Update on rTMS and the first year roll-out experience in the Edmonton Zone of a provincial program of rTMS for treatment-resistant depression. Quality improvement with training simulations, multi-modal neuroimaging and biomarker detection.

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Presenting Author(s): Dr. Kevin Morin, B.SC, MD, PhD, FRCP(C)

Date and time: 21 Mar 2020 from 15:00 to 15:30

Location: Wildrose Salon C  Floor Map

Learning Objectives:

  1. Learn about pharmacotherapy that may hasten relapse in patients receiving rTMS;
  2. Learn about applications of Virtual Reality and Augmented Reality in rTMS training simulations; and
  3. Learn about AI, machine learning and EEG biomarkers predicting response to rTMS.


In January 2019, a new provincial program of repetitive Transcranial Magnetic Stimulation (rTMS) was initiated at Alberta Hospital Edmonton (AHE). The program is supported by the Addictions and Mental Health Strategic Clinical Network with 2 MagVenture rTMS stimulators being provided by the Mental Health Foundation. The implementation was part of a unique day hospital program at AHE. With the successful implementation of the service at AHE, a further 3 rTMS stimulators were installed at the Edmonton Mental Health Clinic in downtown Edmonton. All referrals are received and processed at AHE for rTMS treatments provided there and at the downtown clinic. The rTMS service at AHE has assumed a key educational role in ensuring that all staff are trained and instructed in best practices in providing safe and effective rTMS treatments. We have identified some key areas that could be explored to improve outcomes. Specifically, we have identified that development of an educational program with simulations for training may be useful. We have also identified pharmacotherapy that may be preventing response to rTMS treatment or hastening relapse. In addition, the recent identification of EEG biomarkers that may be predictive of response or that may inform clinicians of network neuropathology and allow rational coil placement and protocol selection which could significantly improve delivery of rTMS service and clinical outcomes. Our literature review revealed advances in VR/AR in rTMS applications related to neurorehabilitation but not as much in training applications, unlike training programs in neurosurgery which is very active in adopting this technology. Our exhaustive review of pharmacological factors related to lack of response to treatment or hastened relapse of illness, revealed that being on benzodiazepines during or after rTMS treatment appears to be the most significant factor that is associated with relapse. Clinicians need to be aware of this and minimize benzodiazepines as much as possible, ideally before patients are referred for rTMS. EEG biomarkers that are measures of network connectivity and network entropy are the most promising predictive markers of treatment response especially when combined with machine-learning approaches. An rTMS clinical study is planned examining EEG biomarkers with machine learning/AI.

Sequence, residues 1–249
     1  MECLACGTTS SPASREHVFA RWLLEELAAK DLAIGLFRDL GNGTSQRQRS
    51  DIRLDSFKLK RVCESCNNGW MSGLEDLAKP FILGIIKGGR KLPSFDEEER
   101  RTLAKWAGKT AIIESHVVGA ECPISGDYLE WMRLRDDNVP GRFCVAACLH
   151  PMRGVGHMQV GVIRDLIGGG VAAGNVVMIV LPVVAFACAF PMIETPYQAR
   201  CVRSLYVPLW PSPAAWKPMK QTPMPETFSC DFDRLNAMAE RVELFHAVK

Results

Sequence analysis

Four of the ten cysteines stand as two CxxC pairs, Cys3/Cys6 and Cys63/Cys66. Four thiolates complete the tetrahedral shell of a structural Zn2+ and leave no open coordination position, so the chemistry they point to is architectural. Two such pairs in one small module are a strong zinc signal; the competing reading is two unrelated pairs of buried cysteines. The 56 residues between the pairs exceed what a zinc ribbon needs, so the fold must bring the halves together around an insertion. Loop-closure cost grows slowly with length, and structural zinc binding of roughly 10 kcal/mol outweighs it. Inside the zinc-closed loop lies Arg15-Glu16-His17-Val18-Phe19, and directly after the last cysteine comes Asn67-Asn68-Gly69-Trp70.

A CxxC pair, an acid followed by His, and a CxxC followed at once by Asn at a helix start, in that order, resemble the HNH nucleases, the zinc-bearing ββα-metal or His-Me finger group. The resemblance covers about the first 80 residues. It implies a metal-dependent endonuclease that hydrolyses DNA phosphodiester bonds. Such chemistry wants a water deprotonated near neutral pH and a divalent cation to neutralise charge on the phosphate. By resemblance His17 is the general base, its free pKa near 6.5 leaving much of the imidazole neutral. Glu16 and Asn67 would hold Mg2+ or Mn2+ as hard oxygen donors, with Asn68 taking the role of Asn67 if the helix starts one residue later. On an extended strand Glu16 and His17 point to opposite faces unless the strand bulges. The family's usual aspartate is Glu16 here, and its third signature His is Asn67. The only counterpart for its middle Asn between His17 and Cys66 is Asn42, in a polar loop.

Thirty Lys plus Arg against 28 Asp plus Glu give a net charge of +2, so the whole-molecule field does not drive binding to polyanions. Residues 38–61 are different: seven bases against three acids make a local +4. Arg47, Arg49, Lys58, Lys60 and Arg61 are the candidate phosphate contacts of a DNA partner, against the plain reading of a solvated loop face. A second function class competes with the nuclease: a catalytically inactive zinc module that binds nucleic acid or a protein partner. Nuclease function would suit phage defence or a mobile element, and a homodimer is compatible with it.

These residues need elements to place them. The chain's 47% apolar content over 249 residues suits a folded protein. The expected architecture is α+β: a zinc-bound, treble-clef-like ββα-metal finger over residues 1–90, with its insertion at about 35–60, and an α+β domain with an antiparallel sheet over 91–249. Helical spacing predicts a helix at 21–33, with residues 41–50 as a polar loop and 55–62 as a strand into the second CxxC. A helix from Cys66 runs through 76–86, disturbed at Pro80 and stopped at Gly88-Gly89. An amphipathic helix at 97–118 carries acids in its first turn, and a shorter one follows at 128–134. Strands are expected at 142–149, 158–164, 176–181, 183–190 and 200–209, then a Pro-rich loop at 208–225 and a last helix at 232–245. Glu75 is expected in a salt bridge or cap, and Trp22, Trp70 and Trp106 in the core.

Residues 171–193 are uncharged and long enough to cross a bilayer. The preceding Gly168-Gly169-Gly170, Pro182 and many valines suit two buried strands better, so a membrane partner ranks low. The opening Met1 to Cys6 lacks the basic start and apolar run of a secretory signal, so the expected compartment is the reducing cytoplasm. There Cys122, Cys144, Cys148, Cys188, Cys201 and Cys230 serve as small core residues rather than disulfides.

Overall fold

Literature References:

1. M.J. Minzenberg, A.F. Leuchter, The effect of psychotropic drugs on corticalexcitability and plasticity measured with transcranialmagnetic stimulation: Implications for psychiatric treatment. J.Affect Dis (2019);253: 126-140.

2. M. Lenz, A.Vlachos, Releasing the cortical brake by non-invasive electromagnetic stimulation? rTMS induces LTD of GABAergic neurotransmission. Frontiers in Neural Circuits (2016)10,1-9.

3. F. Incekara, M. Smits, C. Dirven, A. Vincent, Clinical Feasibility of a wearable mixed-reality device in neurosurgery.World Neurosurg.
(2018);118: E422-E427

4. Differentiating responders and non-responders to rTMS treatment for depression after one week using resting EEG connectivity measures. N.W. Bailey, K.E.Hoy, N.C. Rogasch, R.H. Thomson, S. McQueen, D. Elliot, C.M. Sullivan, B.D. Fulcher, Z.J.Daskalakis,P.B. Fitzgerald, J Affect Disord. (2019);242:68-79.

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